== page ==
So, it was a one-bathroom tiny home, but you could get to it from me. So, if they didn’t have guests, didn’t have to go to the back to the bedroom, for example. Right. And then that particular case, we did a larger bedroom. Not all seniors sleep in the same bed. So, we need a little bit more room for two beds and we had a large closet for storage for them.
So, for them it was perfect, very low maintenance. It’s just not a lot to take care of, to clean up, to keep organized. And then actually what happened afterwards, they had contracted with us to build the home and then later on, they always had the vision to add on aluminum screen room. So, they just got aluminum company to do that later but it’s great.
It’s like a whole other area for them now. They can go out and sit in the wintertime and it’s just delightful. Brilliant. Yeah. Very, very nice. Yeah. No exaggeration. The house is about 20 feet from the daughter’s back door. At this particular one has a great layout because it’s not an alleyway, but they actually have access to the house from the road behind the house.
They don’t even have to park with the kids. They can park on their own and come in and have their guests come in, which was amazing. That was a great scenario. It worked out amazing and what’s even better is when they sold their other home. They could build the tiny home and have lots of equity left over just for their living expenses and things like that.
So financially it made a lot of sense as well.
[00:21:27] Liz Craven: It does. And I love that it allows for independence, but also that in an emergency, your loved one is right there where you can get help.
[00:21:38] Jared Weggeland: Right? Yeah. So, it was 100% self-contained they could cook, they could eat, they could do the loan, they could do everything themselves, own entrance, everything, but within a few yards, Uh, younger able-bodied family member is right in the hand.
[00:21:52] Liz Craven: And do you find that housing codes are accepting of building the tiny homes in the yard?
[00:21:57] Jared Weggeland: Yes. So locally, we’ve had to stick below 800 square feet. That’s the rule it’s called the ADU accessory dwelling unit. And it’s quite easy. I mean, the rules are pretty good for them. And so, in some cases we’re able to get, if you’ve got a smaller yard, sometimes we get as close as five feet to the property lines, almost like a detached garage.
And so even though it’s maybe not a large yard, you only need 20 by 30 feet and you’ll be surprised that fits in most backyards. So. Yes, the, the city and the county had been excellent. Sometimes we’re allowed to hook up to the existing utilities, water, and sewer. Sometimes we have to add a septic tank.
Sometimes we have to upgrade a septic tank. Sometimes we have to add a, well, it just depends on the situation, but yes, we find it actually sometimes easier than a single family. Cause there’s already a house there. It’s just another accessory dwelling.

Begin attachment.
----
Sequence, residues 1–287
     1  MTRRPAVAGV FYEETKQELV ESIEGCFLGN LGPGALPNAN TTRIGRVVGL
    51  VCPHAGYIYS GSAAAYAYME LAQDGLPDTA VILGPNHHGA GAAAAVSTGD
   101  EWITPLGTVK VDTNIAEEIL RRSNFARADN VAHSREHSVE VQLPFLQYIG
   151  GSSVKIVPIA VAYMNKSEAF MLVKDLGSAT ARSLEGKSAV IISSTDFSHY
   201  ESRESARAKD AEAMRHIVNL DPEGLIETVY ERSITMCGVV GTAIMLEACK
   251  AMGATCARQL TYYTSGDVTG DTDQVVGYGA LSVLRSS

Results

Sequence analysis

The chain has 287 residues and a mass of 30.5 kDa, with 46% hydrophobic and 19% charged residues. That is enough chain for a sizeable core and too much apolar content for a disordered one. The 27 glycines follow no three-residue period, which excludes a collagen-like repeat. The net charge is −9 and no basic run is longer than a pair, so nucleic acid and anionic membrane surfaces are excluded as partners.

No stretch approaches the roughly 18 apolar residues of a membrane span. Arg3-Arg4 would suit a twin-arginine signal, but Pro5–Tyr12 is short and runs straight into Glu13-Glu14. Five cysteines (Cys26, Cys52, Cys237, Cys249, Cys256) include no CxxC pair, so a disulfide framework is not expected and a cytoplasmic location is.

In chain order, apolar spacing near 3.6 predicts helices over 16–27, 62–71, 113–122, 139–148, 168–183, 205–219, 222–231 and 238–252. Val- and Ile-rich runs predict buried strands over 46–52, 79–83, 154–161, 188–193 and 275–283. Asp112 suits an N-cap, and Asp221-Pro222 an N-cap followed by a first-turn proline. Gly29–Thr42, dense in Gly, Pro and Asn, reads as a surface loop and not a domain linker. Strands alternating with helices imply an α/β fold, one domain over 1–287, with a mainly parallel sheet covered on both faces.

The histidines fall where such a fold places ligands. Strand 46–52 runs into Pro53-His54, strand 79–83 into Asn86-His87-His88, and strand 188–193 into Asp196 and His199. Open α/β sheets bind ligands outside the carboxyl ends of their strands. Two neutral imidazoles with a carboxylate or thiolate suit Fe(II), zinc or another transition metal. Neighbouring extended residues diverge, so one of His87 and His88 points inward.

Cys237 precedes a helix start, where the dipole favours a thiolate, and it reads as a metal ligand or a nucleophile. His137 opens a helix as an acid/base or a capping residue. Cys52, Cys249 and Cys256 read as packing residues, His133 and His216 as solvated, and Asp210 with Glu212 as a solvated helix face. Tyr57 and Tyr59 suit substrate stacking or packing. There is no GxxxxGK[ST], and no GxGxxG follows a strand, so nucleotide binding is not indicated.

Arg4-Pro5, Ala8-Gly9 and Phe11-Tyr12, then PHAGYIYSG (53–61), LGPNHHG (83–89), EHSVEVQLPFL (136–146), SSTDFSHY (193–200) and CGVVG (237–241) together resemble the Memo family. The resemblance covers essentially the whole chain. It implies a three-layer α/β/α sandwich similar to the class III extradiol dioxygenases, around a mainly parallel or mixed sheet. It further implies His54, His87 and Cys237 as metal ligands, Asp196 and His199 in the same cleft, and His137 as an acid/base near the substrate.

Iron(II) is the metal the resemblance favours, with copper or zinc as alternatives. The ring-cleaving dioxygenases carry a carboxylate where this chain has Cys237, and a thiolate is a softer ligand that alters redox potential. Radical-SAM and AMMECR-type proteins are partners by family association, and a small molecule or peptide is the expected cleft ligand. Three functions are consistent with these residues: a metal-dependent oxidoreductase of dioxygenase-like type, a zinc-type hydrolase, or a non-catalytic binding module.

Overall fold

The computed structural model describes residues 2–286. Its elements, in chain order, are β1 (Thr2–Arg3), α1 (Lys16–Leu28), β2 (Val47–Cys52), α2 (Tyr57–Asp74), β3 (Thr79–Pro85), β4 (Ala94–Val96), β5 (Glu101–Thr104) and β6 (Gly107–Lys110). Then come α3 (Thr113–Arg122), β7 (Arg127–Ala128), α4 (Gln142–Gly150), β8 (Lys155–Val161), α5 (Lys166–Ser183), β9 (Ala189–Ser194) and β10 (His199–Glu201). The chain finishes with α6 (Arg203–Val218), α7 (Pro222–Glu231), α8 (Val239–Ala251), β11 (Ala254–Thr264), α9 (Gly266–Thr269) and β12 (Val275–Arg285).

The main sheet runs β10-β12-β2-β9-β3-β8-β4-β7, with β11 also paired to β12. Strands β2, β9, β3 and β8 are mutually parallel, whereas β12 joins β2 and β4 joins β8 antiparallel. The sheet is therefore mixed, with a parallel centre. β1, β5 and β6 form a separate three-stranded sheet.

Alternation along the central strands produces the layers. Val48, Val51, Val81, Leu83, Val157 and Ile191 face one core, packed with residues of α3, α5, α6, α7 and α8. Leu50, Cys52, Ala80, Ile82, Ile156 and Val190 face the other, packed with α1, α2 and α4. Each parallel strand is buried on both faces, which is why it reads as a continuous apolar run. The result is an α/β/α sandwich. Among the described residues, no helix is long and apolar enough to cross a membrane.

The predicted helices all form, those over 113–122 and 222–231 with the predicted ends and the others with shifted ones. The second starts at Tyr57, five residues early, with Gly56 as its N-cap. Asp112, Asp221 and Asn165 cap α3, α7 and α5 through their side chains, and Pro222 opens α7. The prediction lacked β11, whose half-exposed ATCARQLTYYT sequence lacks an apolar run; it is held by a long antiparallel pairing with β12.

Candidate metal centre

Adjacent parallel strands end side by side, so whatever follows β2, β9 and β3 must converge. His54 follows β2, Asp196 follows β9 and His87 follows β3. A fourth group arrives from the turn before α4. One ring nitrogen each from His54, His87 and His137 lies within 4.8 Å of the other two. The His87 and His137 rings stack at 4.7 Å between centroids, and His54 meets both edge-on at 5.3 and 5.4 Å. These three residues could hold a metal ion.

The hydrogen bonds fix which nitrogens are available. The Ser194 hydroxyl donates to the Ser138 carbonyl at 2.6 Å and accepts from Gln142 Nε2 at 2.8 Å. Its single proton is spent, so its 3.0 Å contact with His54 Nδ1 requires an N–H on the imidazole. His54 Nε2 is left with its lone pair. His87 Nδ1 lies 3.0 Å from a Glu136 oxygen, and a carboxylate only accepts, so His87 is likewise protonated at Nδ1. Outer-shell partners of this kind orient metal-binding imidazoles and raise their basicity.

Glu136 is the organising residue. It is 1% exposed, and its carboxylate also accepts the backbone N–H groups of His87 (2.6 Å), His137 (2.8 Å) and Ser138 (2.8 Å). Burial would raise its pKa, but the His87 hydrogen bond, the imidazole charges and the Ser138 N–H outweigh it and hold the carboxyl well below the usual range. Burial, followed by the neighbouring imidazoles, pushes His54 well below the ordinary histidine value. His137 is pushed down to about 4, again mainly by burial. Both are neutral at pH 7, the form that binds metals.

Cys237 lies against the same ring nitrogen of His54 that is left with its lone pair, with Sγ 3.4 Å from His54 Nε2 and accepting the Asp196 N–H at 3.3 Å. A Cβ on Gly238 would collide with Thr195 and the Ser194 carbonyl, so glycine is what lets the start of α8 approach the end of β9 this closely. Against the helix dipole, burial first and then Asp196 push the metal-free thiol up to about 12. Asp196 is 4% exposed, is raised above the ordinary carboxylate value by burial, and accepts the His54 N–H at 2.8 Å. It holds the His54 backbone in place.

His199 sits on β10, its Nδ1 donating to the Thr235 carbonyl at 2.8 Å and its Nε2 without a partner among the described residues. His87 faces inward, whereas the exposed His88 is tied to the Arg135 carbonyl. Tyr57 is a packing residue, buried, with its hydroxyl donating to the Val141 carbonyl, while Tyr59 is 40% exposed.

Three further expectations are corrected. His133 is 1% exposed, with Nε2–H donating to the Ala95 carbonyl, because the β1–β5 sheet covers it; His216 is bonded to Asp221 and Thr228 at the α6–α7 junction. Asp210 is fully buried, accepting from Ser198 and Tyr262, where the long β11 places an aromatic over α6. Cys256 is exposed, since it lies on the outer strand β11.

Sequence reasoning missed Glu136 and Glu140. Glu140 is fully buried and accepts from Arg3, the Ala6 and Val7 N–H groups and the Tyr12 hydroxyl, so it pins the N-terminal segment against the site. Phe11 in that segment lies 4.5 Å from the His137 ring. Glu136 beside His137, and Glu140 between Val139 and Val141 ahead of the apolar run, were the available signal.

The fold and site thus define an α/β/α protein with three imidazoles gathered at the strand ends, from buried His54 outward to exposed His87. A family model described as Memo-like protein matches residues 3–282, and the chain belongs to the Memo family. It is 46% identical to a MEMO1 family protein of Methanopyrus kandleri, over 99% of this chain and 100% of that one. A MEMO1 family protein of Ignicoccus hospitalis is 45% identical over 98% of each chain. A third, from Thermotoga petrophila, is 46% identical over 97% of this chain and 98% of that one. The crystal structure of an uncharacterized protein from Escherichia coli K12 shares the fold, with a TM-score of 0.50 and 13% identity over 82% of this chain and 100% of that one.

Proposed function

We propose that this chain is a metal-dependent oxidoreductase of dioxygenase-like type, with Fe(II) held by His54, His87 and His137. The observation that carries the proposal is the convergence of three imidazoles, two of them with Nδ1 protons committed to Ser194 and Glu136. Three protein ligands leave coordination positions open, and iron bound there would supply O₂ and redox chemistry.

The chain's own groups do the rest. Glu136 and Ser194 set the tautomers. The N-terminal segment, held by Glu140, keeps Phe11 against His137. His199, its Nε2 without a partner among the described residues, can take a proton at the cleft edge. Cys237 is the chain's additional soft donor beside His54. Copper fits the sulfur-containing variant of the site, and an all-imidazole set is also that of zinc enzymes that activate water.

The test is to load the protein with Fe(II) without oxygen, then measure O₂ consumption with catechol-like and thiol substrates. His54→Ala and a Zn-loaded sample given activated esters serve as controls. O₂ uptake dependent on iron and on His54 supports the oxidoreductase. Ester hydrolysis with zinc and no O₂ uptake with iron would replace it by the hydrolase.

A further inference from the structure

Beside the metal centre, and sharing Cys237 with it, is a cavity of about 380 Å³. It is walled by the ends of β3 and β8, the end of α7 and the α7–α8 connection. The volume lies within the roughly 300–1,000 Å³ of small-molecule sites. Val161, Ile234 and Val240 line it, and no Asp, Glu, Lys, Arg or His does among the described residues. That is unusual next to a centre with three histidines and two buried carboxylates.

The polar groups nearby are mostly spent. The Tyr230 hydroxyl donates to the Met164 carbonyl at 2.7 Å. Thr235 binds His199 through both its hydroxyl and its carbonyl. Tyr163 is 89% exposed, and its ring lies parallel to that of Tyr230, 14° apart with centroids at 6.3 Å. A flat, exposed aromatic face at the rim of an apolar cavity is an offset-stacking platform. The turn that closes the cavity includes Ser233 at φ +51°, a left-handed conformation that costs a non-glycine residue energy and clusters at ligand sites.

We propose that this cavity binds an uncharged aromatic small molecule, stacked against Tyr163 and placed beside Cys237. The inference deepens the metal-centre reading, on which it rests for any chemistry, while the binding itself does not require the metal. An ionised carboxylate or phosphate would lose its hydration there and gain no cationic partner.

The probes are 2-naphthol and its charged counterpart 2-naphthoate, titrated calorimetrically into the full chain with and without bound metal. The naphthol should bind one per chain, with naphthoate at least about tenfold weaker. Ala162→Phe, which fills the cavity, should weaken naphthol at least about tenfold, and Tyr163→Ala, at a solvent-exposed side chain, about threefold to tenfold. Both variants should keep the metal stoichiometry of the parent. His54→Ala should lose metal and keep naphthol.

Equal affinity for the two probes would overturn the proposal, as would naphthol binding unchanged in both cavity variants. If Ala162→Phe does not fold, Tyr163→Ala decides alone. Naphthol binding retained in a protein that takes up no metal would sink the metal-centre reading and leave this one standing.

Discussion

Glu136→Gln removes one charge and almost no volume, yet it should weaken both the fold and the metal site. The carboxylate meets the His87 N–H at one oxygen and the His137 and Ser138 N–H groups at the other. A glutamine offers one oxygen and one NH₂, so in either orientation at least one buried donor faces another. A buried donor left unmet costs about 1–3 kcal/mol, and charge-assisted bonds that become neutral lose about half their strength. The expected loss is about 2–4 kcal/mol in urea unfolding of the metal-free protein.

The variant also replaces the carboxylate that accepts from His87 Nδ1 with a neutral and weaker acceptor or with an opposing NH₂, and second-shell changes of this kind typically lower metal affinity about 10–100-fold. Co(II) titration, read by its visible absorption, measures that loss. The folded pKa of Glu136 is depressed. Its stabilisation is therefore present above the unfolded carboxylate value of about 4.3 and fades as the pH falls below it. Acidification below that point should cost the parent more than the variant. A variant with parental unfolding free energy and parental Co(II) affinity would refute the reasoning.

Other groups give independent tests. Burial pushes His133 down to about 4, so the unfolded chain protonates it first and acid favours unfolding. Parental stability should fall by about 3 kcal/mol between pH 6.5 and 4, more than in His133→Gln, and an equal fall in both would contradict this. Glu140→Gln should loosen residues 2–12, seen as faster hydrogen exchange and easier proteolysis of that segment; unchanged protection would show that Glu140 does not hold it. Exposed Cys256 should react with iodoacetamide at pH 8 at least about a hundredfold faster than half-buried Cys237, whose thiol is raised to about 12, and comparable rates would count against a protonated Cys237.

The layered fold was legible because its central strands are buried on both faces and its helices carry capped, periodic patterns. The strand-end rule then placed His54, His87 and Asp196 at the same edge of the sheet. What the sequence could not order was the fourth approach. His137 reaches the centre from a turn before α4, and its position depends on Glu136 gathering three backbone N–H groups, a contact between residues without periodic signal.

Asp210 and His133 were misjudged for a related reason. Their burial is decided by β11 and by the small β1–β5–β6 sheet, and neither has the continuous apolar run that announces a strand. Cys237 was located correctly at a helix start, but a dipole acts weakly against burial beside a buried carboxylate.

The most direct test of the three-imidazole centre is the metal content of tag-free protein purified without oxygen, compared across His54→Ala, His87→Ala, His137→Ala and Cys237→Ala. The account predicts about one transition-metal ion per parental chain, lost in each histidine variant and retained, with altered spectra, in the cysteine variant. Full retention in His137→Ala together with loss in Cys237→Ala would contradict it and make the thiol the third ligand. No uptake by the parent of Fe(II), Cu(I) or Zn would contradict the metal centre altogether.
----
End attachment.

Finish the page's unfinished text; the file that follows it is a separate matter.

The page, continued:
[00:22:53] Liz Craven: So how long does it take?
[00:22:56] Jared Weggeland: Oh, it’s not very fast. I mean, it takes eight to 12 months. I mean, realistically, that’s what it is. So even though it’s tiny, it’s still waiting for all the supplies and the vendors and all that.
[00:23:05] Liz Craven: Right. And the permits and all of the checks. Yep.
[00:23:09] Jared Weggeland: All the inspections. It has to be built to normal code, like a house. It’s gotta be up to. Current hurricane standards and energy standards and all of that business. It’s not a shed. It’s an actual little house.
[00:23:20] Liz Craven: And there again, we go back to the importance of preparation, the importance of knowing it before you need it. And anyone who’s listened to the podcast has heard that before, too.
I always say know it before you need it. And if you practice life that way in knowing what you’re going to need later on, at least anticipating what might come about. And you’re prepared with information and armed with the finances because you prepared, then you have more options than if you are to just wait for crisis to occur, then you kind of have to just go with whatever’s available to you.
[00:23:56] Jared Weggeland: Um, and uh, one, one scenario worked out great. It was a family from Davenport, and it was the parents slash grandparents. One of the sons. And a son, wife, and child. What they did is they sold their three individual homes. They bought a large piece of land, 15 acres, and they built a U-shaped house compound for the three families to live in one. Was amazing. So, the parents had a room at the, actually they had two rooms at the front with their own bathroom, and then the one son had, uh, two rooms, a living room and a full. The other son, daughter, and child had two bedrooms, one for the couple, one for the child. And they shared the kitchen with the grandparents.
They all shared a utility room. And then in the middle of the U was the swimming pool in the recreation area that they all had access to from the main house. It was unbelievable.
[00:24:54] Liz Craven: That sounds a lot like co-housing are you familiar with co-housing?
[00:24:58] Jared Weggeland: Yeah, exactly. Yeah. So, this, uh, uh, the definition of multi-generation home.
Yeah. Yeah. And the parents were older, but they’re not old. They were retired, but not aged. Um, and so that meant they could work the land. They could do that. It was, it was an amazing, I really, really enjoyed that particular project because we designed it from scratch. So very specific to their family.
I mean, it was, I remember the one son, it was just him and his original design was three bedrooms, two bath. It was like, you don’t need all that. It’s just you. And so, we ended up doing a change order during the process where he realized, you know what, I’d rather a larger living room. So, let’s take out this bedroom.
And now I’m two-bedroom, two bathroom, but they all had their own entrances. They had plenty of garage spaces. It was fantastic. I was really impressed by this particular family. It was a great solution.